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Studies Illuminate Hazards of Ingested Radiation

Beverly Merz
JAMA. 1987;258(5):584. doi:10.1001/jama.1987.03400050018004.
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DIP... PAINT... LICK the brush. The rhythmic sequence was second nature to those known as luminators during the 1920s. Their task was simple—to apply radium paint to the tiny numerals encircling watch dials. Their occupational hazards were manifold—osteomyelitis, aplastic anemia, osteosarcoma, and mastoid carcinoma.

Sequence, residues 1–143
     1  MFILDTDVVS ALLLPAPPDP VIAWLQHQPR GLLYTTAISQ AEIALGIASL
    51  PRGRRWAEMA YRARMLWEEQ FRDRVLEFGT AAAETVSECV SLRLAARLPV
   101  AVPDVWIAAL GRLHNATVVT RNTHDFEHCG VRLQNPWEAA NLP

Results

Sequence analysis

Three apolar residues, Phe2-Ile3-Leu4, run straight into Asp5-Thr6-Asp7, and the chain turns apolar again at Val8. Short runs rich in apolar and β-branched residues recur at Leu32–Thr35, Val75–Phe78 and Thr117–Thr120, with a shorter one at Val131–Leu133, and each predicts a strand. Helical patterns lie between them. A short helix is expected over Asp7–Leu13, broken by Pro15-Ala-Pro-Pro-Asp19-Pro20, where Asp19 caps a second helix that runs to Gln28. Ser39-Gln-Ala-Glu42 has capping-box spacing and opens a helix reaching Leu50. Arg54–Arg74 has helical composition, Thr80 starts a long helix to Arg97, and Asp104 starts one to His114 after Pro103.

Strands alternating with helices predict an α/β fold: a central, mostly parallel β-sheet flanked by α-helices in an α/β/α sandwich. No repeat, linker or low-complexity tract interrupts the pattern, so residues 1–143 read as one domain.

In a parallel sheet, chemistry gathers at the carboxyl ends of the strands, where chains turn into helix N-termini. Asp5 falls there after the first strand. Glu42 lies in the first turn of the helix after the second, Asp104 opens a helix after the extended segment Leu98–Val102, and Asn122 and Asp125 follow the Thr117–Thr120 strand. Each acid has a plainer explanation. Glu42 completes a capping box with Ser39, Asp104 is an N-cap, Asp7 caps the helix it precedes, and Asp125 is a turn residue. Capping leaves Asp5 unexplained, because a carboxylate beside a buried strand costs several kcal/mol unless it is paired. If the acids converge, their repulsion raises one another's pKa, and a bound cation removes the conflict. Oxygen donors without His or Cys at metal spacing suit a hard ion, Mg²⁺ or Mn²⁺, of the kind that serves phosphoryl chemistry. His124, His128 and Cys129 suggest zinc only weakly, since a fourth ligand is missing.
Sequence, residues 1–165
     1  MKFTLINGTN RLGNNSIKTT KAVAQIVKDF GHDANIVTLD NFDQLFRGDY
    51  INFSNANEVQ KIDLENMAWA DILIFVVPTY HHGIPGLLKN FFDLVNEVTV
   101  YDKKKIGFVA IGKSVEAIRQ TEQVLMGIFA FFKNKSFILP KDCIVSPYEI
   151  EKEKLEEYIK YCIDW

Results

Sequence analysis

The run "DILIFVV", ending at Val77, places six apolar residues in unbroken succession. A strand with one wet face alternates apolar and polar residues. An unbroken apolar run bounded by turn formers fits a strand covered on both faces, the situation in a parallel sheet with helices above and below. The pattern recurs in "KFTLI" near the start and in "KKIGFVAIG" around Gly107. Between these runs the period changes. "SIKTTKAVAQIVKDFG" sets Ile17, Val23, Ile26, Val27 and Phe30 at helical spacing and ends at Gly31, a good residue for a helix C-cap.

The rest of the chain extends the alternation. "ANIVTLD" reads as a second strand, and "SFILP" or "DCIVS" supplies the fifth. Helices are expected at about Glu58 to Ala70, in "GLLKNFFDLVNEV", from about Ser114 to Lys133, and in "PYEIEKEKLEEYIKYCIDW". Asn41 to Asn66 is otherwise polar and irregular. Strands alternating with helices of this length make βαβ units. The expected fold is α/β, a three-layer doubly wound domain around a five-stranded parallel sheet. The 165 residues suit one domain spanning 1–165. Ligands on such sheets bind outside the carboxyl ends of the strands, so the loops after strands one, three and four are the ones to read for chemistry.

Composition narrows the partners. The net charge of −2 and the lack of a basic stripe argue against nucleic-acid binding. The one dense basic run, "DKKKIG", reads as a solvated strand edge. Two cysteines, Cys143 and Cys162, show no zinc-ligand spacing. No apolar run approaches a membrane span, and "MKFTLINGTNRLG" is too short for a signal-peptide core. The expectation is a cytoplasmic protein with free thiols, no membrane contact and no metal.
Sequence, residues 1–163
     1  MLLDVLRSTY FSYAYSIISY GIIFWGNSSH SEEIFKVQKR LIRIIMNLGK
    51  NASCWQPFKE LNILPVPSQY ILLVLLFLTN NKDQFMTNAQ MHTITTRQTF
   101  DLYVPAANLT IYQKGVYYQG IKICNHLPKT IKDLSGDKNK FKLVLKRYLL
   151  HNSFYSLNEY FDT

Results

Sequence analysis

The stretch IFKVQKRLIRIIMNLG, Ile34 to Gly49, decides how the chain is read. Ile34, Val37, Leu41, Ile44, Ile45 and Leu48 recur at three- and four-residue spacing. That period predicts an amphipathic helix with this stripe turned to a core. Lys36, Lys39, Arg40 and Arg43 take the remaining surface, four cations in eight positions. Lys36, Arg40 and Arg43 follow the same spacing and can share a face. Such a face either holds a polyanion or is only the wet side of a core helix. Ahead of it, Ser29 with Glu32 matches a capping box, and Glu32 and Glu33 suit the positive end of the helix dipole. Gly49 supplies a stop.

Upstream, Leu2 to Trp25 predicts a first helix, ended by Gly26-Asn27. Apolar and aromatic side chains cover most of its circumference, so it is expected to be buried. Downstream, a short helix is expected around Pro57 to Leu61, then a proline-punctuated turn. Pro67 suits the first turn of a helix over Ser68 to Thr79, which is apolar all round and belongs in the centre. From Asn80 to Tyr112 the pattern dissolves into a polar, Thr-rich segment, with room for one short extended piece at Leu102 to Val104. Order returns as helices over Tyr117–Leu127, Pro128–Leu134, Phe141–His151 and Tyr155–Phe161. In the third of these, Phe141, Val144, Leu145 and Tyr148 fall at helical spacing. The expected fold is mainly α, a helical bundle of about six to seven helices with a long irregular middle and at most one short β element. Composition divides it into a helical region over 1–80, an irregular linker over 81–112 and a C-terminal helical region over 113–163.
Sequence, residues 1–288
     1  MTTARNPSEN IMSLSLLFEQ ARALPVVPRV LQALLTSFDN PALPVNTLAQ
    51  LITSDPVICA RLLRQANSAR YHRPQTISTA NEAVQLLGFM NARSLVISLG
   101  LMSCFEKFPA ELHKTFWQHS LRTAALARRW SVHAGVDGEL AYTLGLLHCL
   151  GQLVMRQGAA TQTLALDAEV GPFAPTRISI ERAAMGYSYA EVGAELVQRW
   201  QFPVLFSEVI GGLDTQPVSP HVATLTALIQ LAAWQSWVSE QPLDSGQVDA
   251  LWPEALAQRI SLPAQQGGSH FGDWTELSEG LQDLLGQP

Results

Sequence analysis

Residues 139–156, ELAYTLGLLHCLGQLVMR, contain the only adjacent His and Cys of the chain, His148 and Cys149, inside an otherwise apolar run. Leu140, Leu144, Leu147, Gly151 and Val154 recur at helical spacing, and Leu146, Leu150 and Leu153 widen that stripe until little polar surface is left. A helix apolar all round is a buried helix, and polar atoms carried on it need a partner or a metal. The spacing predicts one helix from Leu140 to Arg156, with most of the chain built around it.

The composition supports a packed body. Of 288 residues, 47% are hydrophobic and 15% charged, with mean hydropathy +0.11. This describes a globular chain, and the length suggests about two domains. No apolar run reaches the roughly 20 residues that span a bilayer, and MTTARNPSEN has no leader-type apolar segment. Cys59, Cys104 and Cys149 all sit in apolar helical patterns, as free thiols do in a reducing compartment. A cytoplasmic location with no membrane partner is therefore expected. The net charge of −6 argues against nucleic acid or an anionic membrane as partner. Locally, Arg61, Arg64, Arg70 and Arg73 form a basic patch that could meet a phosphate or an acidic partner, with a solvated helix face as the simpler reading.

Dial painting required a deft hand and a finely pointed brush. While the first attribute may have been hereditary, the second was easily acquired. All it took to keep a brush pointed was a quick touch to the lips or tongue.

"Lip tipping" passed particles of the sticky paint to the teeth and tongue; it also transferred from 3 to 43 μg of radioactive substances each day. Thus, in a few years' time luminators could easily have swallowed 5 mg or more, at least 1 mg of which would be deposited in their bones, spleen, and liver, where it would remain, emitting a steady stream of


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